You’ve seen the data. The demographics show more dots on the map and purchasing power is tipping the scale. Your company, however, is still struggling to get a real multicultural marketing strategy off the ground. But, you’re not alone. Out of the 88 billion dollars spent in digital advertising this past year, less than 10% went to the largest minority group in the U.S., Hispanics, who make up almost 20% of the population.
Given the fact that by the year 2045 the U.S. will be a minority-majority nation, marketers are scrambling to reach these consumers now to start building relationships. But, the C-suite—and holder of the purse strings—isn’t always onboard, forcing marketers to be more creative in their approach to get advertising dollars to fund multicultural marketing. MarTech was born out of the need to get better quality and more timely market research affordably to run smarter campaigns, which could help you get the C-suite on your side.
But while your MarTech stack may have an abundance of data, it may be missing 35% of the U.S. market if it doesn’t have representative data of Hispanics, African-Americans, and Asians as part of the core data infrastructure.
What does representative data mean?
MarTech has, unfortunately, drunk the “more data is better” Kool-Aid with little regard for quality or level of representation. This isn’t to be blamed on marketers, but rather MarTech companies who have successfully marketed the latest and greatest tool by the amount of data they are processing daily. However, for marketers, specifically strategists tasked with creating marketing strategies at the beginning of the marketing funnel, representativeness is key. When looking at the U.S. population, high-level segmentations such as rural vs. urban, housing type, education, and an increasingly important segmentation variable, ethnicity, are rarely thought of when gathering data. The “wide net” data approach is useful for some applications. But for strategists looking to build detailed personas, missing data from these segments can lead to marketing disasters, some of which we’ve seen in the past 12 months. Making sure your MarTech tool has representative data of all ethnicities in the U.S. is essential to creating a multicultural marketing strategy.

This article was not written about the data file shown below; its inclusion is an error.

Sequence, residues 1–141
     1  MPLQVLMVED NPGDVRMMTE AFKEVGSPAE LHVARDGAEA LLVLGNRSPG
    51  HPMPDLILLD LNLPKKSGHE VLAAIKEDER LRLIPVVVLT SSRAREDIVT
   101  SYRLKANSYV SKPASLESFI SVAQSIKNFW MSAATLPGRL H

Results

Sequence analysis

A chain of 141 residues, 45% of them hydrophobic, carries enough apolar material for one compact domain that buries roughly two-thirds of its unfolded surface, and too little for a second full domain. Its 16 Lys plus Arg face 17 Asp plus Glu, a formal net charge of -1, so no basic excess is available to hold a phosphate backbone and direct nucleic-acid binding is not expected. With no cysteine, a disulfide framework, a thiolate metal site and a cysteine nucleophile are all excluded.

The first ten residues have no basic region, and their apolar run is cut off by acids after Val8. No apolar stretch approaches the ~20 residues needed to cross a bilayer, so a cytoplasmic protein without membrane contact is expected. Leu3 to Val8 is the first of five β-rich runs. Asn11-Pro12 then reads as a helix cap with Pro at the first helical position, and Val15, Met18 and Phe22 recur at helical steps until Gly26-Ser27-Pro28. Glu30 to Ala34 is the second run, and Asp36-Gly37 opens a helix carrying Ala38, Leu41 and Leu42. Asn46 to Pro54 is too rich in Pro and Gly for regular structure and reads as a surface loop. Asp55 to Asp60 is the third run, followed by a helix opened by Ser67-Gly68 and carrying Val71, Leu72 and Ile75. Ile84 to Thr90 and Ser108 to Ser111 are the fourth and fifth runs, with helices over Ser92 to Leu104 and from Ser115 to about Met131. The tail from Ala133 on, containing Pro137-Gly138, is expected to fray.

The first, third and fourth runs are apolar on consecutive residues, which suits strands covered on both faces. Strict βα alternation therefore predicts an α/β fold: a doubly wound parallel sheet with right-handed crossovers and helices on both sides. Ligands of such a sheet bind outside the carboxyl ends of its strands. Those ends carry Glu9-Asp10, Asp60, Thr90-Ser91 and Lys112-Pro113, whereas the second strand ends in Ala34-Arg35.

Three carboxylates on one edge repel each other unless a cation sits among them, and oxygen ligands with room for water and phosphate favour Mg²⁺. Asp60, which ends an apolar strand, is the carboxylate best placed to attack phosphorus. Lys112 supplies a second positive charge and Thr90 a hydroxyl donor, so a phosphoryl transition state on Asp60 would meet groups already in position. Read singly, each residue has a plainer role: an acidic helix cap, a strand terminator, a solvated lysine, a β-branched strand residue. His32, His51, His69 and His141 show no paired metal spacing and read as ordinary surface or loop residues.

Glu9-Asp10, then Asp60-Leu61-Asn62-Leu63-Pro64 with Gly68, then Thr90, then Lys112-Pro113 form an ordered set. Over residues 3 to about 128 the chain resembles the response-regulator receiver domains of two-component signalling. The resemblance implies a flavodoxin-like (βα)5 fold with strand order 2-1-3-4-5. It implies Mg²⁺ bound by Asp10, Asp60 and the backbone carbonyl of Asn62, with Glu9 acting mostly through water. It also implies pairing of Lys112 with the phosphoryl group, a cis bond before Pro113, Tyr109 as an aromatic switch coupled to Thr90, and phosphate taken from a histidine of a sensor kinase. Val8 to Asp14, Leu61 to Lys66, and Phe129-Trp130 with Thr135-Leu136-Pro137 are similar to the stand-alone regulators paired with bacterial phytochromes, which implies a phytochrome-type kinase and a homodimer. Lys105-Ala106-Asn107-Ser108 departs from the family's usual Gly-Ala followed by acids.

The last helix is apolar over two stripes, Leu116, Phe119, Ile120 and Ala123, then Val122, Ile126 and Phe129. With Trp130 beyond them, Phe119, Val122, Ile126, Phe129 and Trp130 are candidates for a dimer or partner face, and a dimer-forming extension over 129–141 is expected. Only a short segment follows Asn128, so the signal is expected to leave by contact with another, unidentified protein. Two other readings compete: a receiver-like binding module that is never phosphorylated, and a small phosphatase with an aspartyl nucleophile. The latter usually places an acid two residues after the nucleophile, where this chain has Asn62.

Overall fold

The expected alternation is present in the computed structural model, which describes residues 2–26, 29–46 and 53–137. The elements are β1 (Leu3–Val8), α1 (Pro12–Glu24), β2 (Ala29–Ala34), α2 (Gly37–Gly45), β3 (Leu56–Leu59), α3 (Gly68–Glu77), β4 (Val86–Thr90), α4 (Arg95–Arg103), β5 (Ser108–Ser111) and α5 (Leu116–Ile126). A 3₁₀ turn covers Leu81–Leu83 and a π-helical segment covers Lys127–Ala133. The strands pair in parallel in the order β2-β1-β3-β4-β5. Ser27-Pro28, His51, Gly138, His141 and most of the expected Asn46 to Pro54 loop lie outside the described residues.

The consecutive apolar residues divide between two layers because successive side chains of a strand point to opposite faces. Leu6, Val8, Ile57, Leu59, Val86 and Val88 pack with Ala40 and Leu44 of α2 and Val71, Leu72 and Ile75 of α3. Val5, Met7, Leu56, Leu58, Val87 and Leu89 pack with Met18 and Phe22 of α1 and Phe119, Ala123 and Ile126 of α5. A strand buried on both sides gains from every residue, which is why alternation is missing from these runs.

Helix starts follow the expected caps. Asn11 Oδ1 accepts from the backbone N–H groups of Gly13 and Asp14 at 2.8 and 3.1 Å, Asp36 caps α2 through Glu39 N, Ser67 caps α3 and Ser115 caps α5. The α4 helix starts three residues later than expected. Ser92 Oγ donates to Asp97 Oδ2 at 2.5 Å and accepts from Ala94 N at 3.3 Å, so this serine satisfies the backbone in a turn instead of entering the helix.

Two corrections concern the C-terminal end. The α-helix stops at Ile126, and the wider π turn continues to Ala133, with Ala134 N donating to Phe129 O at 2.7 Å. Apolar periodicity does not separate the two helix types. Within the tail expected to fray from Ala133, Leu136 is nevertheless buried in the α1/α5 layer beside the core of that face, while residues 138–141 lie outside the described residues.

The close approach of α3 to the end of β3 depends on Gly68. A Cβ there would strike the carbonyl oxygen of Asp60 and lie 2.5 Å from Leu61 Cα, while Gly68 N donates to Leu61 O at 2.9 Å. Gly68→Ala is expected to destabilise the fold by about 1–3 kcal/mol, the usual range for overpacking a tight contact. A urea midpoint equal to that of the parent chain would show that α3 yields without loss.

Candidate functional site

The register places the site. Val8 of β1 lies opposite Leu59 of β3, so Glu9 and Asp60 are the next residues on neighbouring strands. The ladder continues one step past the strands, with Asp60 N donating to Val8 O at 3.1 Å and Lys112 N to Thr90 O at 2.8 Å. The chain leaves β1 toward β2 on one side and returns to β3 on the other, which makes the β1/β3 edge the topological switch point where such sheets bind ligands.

Your MarTech tool is representative, now what?
So, you’ve found a MarTech tool that has a representative sample of multicultural consumers. So, now what? Take these steps:
Define your audience.
You know some things about your client’s consumer, such as purchase habits, geographic region, age, etc. Tools with a representative sample of multicultural consumers will allow you to input what you know and answer your first question: “are multicultural consumers engaging with my product or service in a meaningful way?”
Define your multicultural audience.
Now that you’ve established that multicultural consumers are engaging with your brand, it is time to go deeper. What multicultural audiences are you specifically targeting? What country of origin are they from if they’re Hispanic or Asian? Geographic regions? Remember, multicultural consumers are not a monolithic group. Clearly defining who your multicultural consumer is, at a granular level, will help you hone your messaging and build a winning strategy.
Compare & Contrast.
Your current marketing strategy and clear psychographic profile of your current consumer can help shed light on your multicultural strategy. But for that to happen, you must compare those two criteria to the multicultural consumer profile. Understanding the nuances and similarities/differences in how multicultural consumers interact with your brand vs. general market consumers can give you insights that you wouldn’t otherwise consider.
Multicultural marketing has historically been an expensive and time-consuming path to go down, which may explain why it hasn’t evolved faster. But, with the advent of MarTech, this doesn’t have to be the case any longer. Adopting a MarTech solution that works for your business objectives can be a more effective way to build a multicultural marketing strategy that’s laser-focused on the needs and wants of this trillion-dollar opportunity.